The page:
, so much so that at 1am London time, fifteen hours after the story went live, it remained the most popular story worldwide, according to BBC Views Online’s on Most Popular Now stats.
As is their way with anti-US stories, BBC Views Online enthusiastically reported:
The world’s richest model has reportedly reacted in her own way to the sliding value of the US dollar – by refusing to be paid in the currency.
Gisele Bündchen is said to be keen to avoid the US currency because of uncertainty over its strength.
The Brazilian, thought to have earned about $30m in the year to June, prefers to be paid in euros, her sister and manager told the Bloomberg news agency.
The only problem is that, it turns out, Supermodel Gisele Not in Buffett’s Bear Camp on Dollar After All, Manager Tells CNBC:
This morning a Bloomberg story got picked up by several news outlets, including Warren Buffett Watch, reporting that Bundchen had asking to be paid in euros rather than dollars due to uncertainty about the U.S. currency’s future. That would have put her in the same camp as Buffett, who’s been bearish on the dollar for awhile now.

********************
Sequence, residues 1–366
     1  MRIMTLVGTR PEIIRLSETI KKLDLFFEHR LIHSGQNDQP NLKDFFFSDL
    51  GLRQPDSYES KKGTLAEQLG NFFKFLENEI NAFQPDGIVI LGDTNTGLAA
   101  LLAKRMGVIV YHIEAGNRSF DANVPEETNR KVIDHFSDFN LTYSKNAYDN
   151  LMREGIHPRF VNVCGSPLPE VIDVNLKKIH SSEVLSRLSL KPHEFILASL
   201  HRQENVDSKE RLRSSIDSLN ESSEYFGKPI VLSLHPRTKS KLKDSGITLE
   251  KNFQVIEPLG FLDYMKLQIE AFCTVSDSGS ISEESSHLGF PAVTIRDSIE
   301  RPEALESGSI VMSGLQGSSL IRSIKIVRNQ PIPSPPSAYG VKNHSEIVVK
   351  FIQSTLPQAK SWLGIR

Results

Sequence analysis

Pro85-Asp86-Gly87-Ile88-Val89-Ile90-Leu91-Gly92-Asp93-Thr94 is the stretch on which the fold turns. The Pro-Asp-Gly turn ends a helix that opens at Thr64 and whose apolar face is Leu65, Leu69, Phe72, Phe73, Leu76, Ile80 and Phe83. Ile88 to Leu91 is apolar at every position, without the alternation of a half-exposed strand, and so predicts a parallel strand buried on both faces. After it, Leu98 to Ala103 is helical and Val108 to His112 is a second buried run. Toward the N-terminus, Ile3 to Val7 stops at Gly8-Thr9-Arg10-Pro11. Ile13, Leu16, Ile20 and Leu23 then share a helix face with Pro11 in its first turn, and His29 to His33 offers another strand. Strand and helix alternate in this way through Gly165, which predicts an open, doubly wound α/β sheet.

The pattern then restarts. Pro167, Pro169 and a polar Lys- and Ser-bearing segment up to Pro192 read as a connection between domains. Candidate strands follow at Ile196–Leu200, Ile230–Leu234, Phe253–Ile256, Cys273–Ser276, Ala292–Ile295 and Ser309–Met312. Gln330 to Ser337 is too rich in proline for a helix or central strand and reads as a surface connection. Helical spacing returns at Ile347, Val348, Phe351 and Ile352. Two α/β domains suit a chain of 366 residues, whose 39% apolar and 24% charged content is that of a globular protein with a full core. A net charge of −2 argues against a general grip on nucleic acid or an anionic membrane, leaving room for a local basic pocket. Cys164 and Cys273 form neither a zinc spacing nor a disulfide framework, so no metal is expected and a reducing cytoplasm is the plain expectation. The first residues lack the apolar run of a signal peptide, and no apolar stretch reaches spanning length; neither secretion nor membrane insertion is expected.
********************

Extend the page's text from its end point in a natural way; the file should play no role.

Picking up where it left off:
But just a few minutes ago, CNBC Squawk Box producer Stephanie Landsman spoke by telephone with Anne Nelson, Bundchen’s manager. Nelson tells us reports that Gisele wants to be paid in euros are “false.” Nelson’s take: “Some idiot in Brazil reported something just to make news.”
Nelson points out that Gisele lives in New York City, and thus needs U.S. dollars for her big-city lifestyle.
Those pesky wire-services, again – though at least this one gets credited – presumably because the BBC wasn’t willing to take responsibility for standing up such a dubious sounding story themselves.
Bündchen’s manager’s statement of the obvious (to anyone in possesion of half-a-brain and access to Google that is), that “Gisele lives in New York City, and thus needs U.S. dollars for her big-city lifestyle”, rather gives the game away, at least for any reporter who wants to honestly report the finer details of the remuneration of a supermodel (who’s not exactly a household name, at least not in this household), as distinct from reporters keen to rush into print with an anti US-dollar story.
I wonder if we’re going to see the BBC publish a correction just as prominently for just as long, or if we’ll have to make do with a small after-thought of a correction on the story page, long after the damage is done and most people have moved on…
“This information is not true … I do not recall ever having said anything that could be interpreted in that way.”
The company that handles publicity and contract negotiations for Gisele in Brazil, Image Net, has demanded a retraction from various media outlets, Patricia Buendchen said.
Thank you to Biased BBC reader moonbat nibbler for the links.